Maryland Legal Alert for Financial Services

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Maryland Legal Alert - December 2023

In This Issue

Syndicated Loans Not Treated as Securities

CFPB Consent Order Involves RESPA Violations

New Regulations Concerning Canceled Treasury Checks


Syndicated Loans Not Treated As Securities

A recent decision from the U.S. Court of Appeals for the Second Circuit held that loan notes representing parts of a syndicated loan are not “securities” under the federal and state securities laws. 

In Kirschner v. JP Morgan Chase Bank, N.A., the borrower’s bankruptcy trustee sued the lenders alleging violations of the federal and state securities laws in the syndication of the loan made to the borrower.  The Court dismissed the suit, holding that the syndicated notes were not a “security.” The Court relied upon the holding of the U.S. Supreme Court in Reves v. Ernst & Young that a promissory note is not a security if it bears a strong resemblance to one of the categories described in the Securities Act of 1933, as amended, as not being securities.  This is referred to as the “family resemblance test.”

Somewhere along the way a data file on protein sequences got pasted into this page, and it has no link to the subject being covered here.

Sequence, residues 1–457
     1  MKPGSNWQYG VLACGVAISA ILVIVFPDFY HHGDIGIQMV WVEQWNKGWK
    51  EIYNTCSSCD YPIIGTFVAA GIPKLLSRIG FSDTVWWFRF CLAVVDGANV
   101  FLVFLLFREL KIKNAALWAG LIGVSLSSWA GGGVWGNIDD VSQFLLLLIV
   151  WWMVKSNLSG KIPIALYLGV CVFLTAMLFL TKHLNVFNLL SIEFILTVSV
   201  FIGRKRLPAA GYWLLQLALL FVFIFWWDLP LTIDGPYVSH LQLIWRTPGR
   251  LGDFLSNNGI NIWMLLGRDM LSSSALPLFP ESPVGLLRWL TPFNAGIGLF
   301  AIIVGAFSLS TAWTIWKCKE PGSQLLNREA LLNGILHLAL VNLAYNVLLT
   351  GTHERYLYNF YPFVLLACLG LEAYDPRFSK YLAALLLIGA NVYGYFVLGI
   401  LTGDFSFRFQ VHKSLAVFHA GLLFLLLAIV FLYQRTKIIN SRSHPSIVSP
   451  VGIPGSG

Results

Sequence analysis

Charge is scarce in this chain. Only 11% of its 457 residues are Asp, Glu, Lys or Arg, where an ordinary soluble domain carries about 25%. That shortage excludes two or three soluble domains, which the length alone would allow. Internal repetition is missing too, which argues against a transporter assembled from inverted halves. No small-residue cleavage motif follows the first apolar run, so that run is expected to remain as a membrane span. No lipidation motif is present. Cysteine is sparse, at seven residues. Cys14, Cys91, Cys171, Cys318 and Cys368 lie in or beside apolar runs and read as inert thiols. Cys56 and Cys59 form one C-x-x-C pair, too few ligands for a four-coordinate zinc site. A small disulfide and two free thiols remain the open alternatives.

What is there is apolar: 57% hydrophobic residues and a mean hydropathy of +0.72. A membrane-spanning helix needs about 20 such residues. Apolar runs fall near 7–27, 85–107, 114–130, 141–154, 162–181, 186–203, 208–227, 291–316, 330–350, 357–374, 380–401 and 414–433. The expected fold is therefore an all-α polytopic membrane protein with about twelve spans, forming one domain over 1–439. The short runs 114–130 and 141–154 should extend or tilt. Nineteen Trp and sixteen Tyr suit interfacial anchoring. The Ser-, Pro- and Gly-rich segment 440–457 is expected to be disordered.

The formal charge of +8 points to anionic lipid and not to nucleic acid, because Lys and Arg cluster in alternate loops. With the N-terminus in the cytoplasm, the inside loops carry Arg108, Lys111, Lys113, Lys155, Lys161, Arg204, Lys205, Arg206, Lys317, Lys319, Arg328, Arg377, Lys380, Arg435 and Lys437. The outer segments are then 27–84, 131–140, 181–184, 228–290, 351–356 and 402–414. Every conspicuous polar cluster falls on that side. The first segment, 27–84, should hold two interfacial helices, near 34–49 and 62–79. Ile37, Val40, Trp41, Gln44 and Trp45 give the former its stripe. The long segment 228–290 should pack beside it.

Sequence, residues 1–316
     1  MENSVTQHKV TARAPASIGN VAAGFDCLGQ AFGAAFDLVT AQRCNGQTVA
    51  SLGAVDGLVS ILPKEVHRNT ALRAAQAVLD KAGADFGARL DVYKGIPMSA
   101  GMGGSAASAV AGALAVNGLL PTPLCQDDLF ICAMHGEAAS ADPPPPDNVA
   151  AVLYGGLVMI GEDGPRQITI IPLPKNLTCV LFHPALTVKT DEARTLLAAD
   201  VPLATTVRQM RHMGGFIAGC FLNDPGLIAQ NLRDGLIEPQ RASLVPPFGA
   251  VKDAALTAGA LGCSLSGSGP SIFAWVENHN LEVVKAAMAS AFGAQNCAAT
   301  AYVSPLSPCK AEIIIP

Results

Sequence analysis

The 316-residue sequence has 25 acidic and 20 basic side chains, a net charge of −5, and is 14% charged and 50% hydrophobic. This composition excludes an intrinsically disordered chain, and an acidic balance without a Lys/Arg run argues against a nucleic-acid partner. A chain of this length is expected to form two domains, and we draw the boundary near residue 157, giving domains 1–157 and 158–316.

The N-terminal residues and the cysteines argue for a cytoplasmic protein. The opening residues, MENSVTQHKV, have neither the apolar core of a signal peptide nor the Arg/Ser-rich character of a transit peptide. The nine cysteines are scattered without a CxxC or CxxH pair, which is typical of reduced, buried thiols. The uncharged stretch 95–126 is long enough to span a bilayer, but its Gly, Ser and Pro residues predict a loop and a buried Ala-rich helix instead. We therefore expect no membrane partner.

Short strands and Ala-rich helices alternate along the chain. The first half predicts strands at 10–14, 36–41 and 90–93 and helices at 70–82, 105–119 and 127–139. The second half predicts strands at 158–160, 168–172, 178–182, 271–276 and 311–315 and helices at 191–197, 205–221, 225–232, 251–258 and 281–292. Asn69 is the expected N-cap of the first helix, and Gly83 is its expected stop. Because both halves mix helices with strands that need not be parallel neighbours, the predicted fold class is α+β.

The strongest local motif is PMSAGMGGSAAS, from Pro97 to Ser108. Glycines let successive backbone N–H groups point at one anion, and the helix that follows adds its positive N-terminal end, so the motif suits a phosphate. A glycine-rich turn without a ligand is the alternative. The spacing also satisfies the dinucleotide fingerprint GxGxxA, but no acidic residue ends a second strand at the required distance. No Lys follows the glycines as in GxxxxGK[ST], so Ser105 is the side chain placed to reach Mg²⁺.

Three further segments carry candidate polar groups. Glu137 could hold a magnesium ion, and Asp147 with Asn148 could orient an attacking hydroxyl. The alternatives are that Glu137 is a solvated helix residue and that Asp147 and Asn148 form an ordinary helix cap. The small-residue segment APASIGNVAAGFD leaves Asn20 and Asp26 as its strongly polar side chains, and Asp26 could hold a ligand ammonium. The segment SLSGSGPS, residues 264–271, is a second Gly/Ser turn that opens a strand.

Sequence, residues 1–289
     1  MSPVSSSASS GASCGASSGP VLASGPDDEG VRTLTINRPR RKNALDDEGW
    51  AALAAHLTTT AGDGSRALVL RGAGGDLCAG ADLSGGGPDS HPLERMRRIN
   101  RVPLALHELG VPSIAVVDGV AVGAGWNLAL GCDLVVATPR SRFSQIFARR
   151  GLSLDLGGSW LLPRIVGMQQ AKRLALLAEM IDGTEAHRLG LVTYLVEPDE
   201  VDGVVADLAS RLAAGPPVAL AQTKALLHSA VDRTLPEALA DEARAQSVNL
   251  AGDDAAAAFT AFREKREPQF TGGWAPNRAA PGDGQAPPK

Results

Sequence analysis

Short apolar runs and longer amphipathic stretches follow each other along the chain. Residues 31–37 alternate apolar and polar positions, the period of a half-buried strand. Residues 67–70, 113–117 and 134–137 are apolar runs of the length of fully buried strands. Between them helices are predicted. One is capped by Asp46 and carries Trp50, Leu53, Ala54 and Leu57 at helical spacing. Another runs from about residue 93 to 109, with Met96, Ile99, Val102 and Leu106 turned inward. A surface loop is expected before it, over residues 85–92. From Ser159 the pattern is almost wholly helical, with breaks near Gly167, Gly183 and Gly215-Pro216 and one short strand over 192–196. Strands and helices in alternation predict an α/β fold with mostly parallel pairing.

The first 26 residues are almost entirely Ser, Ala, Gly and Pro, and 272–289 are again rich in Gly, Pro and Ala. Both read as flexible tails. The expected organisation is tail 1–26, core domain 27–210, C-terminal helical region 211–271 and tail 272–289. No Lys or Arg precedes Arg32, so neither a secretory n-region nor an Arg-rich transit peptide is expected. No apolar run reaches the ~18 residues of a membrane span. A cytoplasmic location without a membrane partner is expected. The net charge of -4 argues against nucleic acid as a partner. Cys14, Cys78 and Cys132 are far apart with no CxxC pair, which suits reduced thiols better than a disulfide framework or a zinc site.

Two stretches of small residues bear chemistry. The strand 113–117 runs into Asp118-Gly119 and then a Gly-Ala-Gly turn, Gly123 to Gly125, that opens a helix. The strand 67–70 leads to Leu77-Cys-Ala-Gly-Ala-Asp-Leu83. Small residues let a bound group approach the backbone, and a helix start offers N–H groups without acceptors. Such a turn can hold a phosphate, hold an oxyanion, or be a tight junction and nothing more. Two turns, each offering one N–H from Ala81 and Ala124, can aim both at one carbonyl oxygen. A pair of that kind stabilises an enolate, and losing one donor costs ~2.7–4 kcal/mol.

In the Reves case, the Supreme Court held that a presumption exists that notes are securities.  However, a court must determine whether the note was issued as an “investment” and therefore would be a security, or if the notes were issued in a “consumer or commercial context” and therefore not a security. The analysis must focus on four factors: (1) the motivations that would prompt a reasonable seller and buyer to enter into the transaction; (2) the plan of distribution of the notes; (3) the reasonable expectations of the investing public; and (4) the existence of another regulatory scheme that would reduce the risk of the instrument, thereby rendering application of the Securities Act unnecessary.” 

  • As to the first factor, the court found that the motivation actually supported the claims that the notes were securities because they were investment-oriented, although the borrower’s motivation was commercial because it planned to use the note proceeds for corporate working capital purposes;
  • Nevertheless, the remaining factors militated against finding that the notes were securities.  The plan of distribution was directed only to sophisticated institutional entities and the notes were unavailable to the general public;